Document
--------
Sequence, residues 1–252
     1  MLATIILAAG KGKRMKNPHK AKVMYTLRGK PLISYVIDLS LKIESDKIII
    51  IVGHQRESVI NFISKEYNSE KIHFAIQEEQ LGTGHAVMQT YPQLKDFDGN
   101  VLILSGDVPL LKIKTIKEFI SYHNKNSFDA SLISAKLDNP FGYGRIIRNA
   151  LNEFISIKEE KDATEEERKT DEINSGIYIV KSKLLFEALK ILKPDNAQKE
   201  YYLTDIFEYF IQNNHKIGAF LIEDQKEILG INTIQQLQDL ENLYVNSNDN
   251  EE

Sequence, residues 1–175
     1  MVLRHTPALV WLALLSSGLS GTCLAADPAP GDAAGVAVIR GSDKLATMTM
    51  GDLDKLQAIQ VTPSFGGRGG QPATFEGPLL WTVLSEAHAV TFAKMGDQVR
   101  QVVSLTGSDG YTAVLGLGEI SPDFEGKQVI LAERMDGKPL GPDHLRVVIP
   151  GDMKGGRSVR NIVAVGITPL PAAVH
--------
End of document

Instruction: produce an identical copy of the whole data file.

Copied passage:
Sequence, residues 1–252
     1  MLATIILAAG KGKRMKNPHK AKVMYTLRGK PLISYVIDLS LKIESDKIII
    51  IVGHQRESVI NFISKEYNSE KIHFAIQEEQ LGTGHAVMQT YPQLKDFDGN
   101  VLILSGDVPL LKIKTIKEFI SYHNKNSFDA SLISAKLDNP FGYGRIIRNA
   151  LNEFISIKEE KDATEEERKT DEINSGIYIV KSKLLFEALK ILKPDNAQKE
   201  YYLTDIFEYF IQNNHKIGAF LIEDQKEILG INTIQQLQDL ENLYVNSNDN
   251  EE

Sequence, residues 1–175
     1  MVLRHTPALV WLALLSSGLS GTCLAADPAP GDAAGVAVIR GSDKLATMTM
    51  GDLDKLQAIQ VTPSFGGRGG QPATFEGPLL WTVLSEAHAV TFAKMGDQVR
   101  QVVSLTGSDG YTAVLGLGEI SPDFEGKQVI LAERMDGKPL GPDHLRVVIP
   151  GDMKGGRSVR NIVAVGITPL PAAVH